By Ginny Hogan and Ricky Altieri
At the DMV
Oh, don’t worry, I’m used to long lines. I actually work at a soup kitchen, and the line for food is very long. Mostly because I check my phone a lot, but that’s part of the experience for them – learning to appreciate the food.
At a Dinner Party
Sure, I totally would help you clean up, except I already spent 20 minutes today tagging Quora answers for free, so I’m kinda “volunteered-out.”
On a Conference Call:
Oh, Muhammed, is that you? No? Oh, sorry, Sandra. I got confused – I teach English to Syrian refugees over Skype. It must be about 3:30 AM there, which I know because I have adjusted my body clock to Syrian time in solidarity.
*Obligatory Photo of me holding baby Ugandan Gorilla, which I rescued on this safari alongside my guide, Kaikara, who briefly released the baby Gorilla from the reservation so we could rescue it* #like4like #followback #volunteer #grateful #formyself
At a Funeral
I assume I wasn’t written into the will because Dad knew I would give all the money to my favorite charity, which is coincidentally my art exhibition, “Reflections on my Selflessness: Selfies with the Hungry.”
Stopped for Speeding
90 is too fast? Sorry, I just got back from rural Bolivia where I was teaching people how to take care of foreign tourists – so I’m still thinking in Kilometers per hour!
In The Police Car
Do you really arrest people just for flipping the bird to the police officer? You know, in Uganda, that is a standard greeting people began using just for me! And they talk about how Western the country is becoming – as if!
At the Police Station
No, this car doesn’t necessarily “belong” to me, but in Kuwait, there is no such as “belonging” – we all belong to nature, and this car has a spirit of its own. I volunteered to take it where the car spirit wanted to go, which happened to be my ex-girlfriend’s house. Hey, give me back my phone!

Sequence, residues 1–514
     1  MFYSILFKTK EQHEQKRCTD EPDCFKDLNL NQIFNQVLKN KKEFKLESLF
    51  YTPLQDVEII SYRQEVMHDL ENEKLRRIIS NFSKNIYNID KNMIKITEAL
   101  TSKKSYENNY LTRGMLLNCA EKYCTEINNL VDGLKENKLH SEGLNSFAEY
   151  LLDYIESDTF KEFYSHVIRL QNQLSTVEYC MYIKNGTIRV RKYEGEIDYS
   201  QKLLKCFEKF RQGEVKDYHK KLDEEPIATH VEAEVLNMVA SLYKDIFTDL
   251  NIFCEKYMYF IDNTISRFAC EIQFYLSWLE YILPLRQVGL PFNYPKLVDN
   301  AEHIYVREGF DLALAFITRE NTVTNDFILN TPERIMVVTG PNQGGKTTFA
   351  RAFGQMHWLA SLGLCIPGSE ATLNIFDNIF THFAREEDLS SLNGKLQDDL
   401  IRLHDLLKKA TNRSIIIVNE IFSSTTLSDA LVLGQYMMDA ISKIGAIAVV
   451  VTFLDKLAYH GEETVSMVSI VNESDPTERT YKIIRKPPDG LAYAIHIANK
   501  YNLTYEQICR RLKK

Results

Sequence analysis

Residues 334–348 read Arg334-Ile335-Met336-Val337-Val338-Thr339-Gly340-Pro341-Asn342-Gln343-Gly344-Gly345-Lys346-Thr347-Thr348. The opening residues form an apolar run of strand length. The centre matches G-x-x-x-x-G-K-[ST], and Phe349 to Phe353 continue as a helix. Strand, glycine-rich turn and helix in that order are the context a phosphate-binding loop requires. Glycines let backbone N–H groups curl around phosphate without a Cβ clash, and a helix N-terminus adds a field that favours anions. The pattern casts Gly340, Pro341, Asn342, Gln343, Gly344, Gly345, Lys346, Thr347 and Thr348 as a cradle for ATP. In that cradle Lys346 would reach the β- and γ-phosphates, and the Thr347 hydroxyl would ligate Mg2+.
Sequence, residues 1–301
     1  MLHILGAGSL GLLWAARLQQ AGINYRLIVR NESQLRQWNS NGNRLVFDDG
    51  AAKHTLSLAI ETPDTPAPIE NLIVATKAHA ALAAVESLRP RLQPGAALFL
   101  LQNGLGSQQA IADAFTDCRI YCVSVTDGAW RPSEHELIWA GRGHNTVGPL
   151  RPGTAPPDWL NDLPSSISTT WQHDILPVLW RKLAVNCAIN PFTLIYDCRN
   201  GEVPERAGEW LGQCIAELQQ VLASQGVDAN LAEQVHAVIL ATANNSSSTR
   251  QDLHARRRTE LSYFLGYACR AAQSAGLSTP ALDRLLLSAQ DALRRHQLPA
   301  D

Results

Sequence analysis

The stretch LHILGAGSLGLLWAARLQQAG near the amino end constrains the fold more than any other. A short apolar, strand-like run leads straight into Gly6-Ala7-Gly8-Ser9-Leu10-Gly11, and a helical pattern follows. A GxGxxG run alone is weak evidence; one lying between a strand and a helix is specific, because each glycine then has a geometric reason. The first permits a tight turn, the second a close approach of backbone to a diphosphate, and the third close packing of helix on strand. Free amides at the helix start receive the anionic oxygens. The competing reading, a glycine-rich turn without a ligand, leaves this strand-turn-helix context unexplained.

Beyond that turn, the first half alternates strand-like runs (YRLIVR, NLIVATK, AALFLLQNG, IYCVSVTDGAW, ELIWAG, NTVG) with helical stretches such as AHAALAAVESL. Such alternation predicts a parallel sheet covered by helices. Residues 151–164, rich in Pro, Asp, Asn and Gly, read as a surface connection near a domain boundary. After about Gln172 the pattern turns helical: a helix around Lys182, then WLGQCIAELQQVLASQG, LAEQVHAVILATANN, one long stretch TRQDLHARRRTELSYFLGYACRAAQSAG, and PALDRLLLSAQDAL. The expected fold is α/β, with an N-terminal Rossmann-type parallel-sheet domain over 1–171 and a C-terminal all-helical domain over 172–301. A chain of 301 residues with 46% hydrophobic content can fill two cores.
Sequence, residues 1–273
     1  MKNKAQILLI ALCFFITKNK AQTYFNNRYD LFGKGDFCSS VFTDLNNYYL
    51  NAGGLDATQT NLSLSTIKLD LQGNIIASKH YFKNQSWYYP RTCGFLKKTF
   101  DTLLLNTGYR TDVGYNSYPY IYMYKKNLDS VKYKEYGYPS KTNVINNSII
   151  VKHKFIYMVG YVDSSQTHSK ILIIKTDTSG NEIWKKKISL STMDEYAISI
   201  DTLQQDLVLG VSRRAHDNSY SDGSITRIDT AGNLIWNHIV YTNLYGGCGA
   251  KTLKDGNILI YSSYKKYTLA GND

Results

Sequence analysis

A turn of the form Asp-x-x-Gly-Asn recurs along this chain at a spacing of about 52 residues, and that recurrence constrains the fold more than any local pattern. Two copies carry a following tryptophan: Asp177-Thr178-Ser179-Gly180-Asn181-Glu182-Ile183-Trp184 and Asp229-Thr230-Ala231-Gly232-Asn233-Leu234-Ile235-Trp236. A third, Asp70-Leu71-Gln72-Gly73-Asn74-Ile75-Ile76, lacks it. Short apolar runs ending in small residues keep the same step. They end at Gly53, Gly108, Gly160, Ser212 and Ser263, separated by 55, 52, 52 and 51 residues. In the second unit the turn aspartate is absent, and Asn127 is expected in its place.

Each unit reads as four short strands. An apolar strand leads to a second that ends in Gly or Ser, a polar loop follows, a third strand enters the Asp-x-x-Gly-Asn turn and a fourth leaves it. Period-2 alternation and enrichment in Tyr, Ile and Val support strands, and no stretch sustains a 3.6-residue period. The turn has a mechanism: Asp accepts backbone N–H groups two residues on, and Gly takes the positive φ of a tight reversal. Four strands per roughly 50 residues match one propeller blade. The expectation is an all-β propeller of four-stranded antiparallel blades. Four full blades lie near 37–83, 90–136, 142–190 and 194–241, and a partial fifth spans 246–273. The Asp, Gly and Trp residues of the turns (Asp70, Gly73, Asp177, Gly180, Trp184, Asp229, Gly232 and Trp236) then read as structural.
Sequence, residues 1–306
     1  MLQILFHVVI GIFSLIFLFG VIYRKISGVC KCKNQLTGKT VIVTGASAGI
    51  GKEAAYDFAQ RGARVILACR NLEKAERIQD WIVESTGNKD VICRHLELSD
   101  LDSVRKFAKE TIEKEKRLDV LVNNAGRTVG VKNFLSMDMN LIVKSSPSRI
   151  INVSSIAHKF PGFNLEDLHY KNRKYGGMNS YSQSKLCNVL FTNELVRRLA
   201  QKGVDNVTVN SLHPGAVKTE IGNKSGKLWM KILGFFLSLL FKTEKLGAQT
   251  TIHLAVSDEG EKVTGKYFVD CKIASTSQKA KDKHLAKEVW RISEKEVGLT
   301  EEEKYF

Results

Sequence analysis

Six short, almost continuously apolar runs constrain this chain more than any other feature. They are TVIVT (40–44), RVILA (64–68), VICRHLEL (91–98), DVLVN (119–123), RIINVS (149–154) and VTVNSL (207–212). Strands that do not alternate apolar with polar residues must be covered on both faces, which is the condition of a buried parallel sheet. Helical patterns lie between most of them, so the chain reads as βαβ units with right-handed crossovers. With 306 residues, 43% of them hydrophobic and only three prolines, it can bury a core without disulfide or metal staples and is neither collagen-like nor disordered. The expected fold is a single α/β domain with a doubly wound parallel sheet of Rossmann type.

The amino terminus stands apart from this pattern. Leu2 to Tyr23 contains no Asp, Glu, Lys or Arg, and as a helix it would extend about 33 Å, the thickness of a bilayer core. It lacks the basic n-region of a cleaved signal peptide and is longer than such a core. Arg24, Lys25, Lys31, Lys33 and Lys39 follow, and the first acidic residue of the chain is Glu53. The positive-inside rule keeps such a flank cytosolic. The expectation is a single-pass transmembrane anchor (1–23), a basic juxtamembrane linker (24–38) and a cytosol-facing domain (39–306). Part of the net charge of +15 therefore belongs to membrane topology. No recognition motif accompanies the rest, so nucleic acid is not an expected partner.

This tattoo on my chest? It says, “I taught English in rural China” in Japanese! Just because you get paid doesn’t mean it’s not volunteering. So uh – what’d you get in here for?
At Your Trial
My lawyer is working pro-bono. I understand what pro-bono means because I actually spent the gap year between Andover and Dartmouth doing pro-bono field-work in Italy. On a vineyard. I did it pro-bono, or “pro-boner” as I used to say hilariously to all the beautiful Italian women, who chose not to spend more time with me out of respect for their faith and fear that they couldn’t resist me. See, Italians are Christians, which is something I know, as a well-traveled “volun-tourist,” as they say at Dartmouth. It means a volunteer who’s so kind and generous they actually donate one of their 28 annual weeks of vacation to the cause.
At Your First Job After Prison
Sorry I’m six hours late, I picked up trash in the park for 45 minutes this morning. Yes, I volunteer for our city’s parks, because I care about our community and also it was court-ordered.
Giving a Toast At a Wedding
Of course, tonight should not be about me and the fact that I’m not being paid to do this. Nor should it about that time I lent money to the bride, mostly to pay her back for bailing me out of jail, but still. I had one call, and she’s the only number I have memorized, which is not my fault. Nor should it about how the bride rejected my advances numerous times over the years. No, it shouldn’t be about any of these things. It should be about something else entirely – the lessons I learned in jail, and how I intend to share them with the world every single time I’m granted an audience.
Running for Office
After learning a lot about how the criminal justice system treats the incarcerated by volunteering to be arrested for driving without a license, I know things need to change. I am running not for me – but for you.
When Called By The Fake News Media for Excessive Boasting About Volunteering
Telling you about my volunteer work is an example of the emotional labor I am always doing on your behalf. In Haiti, they’d kill for a Senator like me.
Can I leave yet?